|This article needs additional citations for verification. (October 2007)|
|Type||Video game console add-on|
|Generation||Fifth generation (32-bit/64-bit era)|
|Units sold||15,000 |
|Media||Magneto-optical discs (64 MB)|
|Storage||Cartridge battery, Controller Pak|
The 64DD (ロクヨンディーディー Roku Yon Dī Dī?) ("DD" being short for "Disk Drive", and originally "Dynamic Drive"), sometimes referred to as the Nintendo 64DD, is a peripheral for the Nintendo 64 game console. It plugs into the N64 through the Extension Port (marked "EXT") on the Nintendo 64's underside, and allows the N64 to use proprietary 64 MB magneto-optical disks for expanded data storage. Although it had been announced before the launch of the N64, the 64DD's development was lengthy. The drive was eventually released in Japan when the console was in its twilight years. Scheduled for North American release in 2000, it was a commercial failure, and was never released outside of Japan.
The 64DD was announced at 1995's Nintendo Shoshinkai game show event (now called Nintendo World). One of the games that was featured for use with the 64DD was Creator, a music and animation program by Software Creations, the same people that made Sound Tool for the Nintendo Ultra 64 development kit. The game advertised that it could be implemented into other games, being able to replace textures and possibly create new levels and characters. However, there was no playable version of Creator available at Shoshinkai 1995. At E3 in 1997, Nintendo's main game designer, Shigeru Miyamoto, speculated that the first games to be released for the new system would be SimCity 64, Mario Artist, Pocket Monsters, and Mother 3.
However, the 64DD's release was delayed until December 1, 1999 in Japan. Anticipating that its long-planned disk drive peripheral would become a commercial failure, Nintendo sold the system mainly through a subscription service called Randnet and customers would continue to receive games through the mail as well. Only very limited quantities of the 64DD were made available through stores. As a result, the 64DD was only supported by Nintendo for a short period of time and only ten games were released for it. Most 64DD games were either cancelled entirely, released as normal Nintendo 64 games as cartridge-based storage sizes had increased, or eventually ported to the next-generation GameCube console.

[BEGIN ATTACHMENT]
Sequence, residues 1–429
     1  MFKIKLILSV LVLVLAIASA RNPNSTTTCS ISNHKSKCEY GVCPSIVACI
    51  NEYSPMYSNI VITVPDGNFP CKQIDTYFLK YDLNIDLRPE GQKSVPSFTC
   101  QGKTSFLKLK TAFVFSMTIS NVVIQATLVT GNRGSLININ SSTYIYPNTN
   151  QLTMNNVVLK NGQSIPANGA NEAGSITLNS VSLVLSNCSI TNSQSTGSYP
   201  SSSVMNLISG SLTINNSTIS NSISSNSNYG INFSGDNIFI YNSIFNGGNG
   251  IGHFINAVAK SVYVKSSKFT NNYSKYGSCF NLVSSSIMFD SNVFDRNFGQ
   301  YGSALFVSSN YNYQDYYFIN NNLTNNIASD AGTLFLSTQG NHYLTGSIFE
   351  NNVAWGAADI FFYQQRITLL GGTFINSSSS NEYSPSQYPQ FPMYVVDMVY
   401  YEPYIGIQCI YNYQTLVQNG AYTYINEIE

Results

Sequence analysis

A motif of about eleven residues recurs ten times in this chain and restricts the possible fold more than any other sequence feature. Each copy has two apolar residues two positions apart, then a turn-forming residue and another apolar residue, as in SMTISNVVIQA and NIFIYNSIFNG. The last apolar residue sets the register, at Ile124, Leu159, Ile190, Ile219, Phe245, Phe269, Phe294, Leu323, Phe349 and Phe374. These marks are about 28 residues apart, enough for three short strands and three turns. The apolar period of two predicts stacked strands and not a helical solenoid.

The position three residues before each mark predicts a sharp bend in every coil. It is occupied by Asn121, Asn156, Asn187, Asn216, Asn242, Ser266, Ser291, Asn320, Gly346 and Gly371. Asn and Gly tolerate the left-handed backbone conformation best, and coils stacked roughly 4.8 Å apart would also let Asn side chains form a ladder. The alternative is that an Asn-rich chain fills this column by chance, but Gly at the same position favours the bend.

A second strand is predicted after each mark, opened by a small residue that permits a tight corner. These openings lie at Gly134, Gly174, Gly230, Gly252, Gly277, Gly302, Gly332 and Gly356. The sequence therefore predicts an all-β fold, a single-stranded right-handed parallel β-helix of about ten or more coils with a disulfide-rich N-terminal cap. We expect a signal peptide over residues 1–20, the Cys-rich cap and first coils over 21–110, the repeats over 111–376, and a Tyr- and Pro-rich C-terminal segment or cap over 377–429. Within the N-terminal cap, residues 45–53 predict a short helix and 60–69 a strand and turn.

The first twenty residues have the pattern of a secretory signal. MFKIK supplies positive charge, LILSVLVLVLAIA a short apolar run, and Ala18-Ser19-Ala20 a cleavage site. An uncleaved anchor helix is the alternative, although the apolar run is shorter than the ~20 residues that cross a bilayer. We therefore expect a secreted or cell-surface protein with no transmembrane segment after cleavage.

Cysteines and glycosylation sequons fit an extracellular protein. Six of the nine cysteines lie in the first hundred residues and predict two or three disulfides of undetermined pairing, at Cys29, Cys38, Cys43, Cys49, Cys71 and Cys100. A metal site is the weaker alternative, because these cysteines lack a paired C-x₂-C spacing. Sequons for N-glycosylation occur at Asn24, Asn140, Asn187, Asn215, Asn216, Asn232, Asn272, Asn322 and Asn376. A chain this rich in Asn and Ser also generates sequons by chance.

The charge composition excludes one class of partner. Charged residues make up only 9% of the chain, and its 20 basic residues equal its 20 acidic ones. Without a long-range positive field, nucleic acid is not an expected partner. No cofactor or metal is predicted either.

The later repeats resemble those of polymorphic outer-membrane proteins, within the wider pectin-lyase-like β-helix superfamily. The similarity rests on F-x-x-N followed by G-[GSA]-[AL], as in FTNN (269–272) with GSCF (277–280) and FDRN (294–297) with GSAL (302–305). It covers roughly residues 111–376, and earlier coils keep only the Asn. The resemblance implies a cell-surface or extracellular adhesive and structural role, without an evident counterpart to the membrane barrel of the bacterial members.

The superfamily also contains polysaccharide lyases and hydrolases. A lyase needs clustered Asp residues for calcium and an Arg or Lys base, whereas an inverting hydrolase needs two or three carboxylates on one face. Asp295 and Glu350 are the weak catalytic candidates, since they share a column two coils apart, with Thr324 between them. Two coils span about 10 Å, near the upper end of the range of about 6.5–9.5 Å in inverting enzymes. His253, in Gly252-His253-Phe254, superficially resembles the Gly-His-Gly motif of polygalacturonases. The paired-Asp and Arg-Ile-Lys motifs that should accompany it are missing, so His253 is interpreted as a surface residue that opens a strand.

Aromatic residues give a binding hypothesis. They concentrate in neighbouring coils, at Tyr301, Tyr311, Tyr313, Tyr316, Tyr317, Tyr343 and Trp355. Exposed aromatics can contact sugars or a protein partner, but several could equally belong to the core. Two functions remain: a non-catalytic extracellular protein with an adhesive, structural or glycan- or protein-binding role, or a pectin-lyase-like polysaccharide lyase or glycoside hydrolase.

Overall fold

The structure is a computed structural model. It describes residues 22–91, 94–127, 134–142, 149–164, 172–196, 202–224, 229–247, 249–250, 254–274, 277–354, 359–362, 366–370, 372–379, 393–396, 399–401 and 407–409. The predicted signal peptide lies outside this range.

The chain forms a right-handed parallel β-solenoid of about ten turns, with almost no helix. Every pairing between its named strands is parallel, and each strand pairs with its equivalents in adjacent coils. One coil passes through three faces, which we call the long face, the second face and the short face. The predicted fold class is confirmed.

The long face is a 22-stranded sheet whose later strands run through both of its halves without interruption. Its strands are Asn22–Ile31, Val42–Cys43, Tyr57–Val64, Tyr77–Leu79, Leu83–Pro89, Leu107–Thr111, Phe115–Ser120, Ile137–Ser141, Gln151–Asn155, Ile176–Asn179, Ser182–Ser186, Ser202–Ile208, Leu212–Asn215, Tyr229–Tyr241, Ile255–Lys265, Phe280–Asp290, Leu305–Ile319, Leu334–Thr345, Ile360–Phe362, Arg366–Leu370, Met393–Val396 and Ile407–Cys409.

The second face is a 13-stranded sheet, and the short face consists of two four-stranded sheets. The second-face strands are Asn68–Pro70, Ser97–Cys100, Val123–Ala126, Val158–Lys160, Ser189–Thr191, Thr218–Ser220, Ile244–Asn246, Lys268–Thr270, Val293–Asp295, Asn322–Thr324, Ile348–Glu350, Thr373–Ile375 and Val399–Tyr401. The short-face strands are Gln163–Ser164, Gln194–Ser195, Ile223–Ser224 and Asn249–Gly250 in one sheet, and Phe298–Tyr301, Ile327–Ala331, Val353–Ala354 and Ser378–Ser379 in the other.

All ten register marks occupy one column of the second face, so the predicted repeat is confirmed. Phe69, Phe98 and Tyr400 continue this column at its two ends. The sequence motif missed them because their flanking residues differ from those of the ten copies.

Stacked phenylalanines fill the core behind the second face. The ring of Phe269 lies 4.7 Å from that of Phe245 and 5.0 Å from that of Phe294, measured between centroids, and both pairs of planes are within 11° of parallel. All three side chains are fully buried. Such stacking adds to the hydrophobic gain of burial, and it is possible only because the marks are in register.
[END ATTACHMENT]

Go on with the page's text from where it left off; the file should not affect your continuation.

The 64DD has a 32-bit coprocessor to help it read magneto-optical discs, and to transfer data to the main console. It was intended to be Nintendo's answer to the cheaper-to-produce and ubiquitously standardized Compact Disc that was used by several competitors such as Sony's PlayStation. CD storage can hold at least approximately 650 megabytes (MB) of information, compared to the Nintendo 64's cartridge which ranges from 4 to 64 MB. The 64DD also has a built in 4 MB memory expansion pack, yielding a total of 8 MB.
The unique medium for the 64DD is rewritable and has a storage capacity of 64 MB. The games on normal N64 cartridges can also hook up with DD expansion media, to provide extra levels, minigames, and even saving personal and user-created data.
The drive works similarly to a Zip drive, and has an enhanced audio library for the games to use. The main N64 deck uses its RCP and NEC VR4300 to process data from the top cartridge slot and the I/O devices. Like nearly all disc-based consoles, the 64DD can boot up without a cartridge on the top deck, because it has a boot menu.
The 64DD has its own software development kit that works in conjunction with the N64 development kit.
The released version of 64DD includes a modem for connecting to the Randnet network, an audio-video adapter (female RCA jack, and line in) called the Capture Cassette to plug into the main cartridge slot, and a mouse and keyboard that plugs into the controller ports.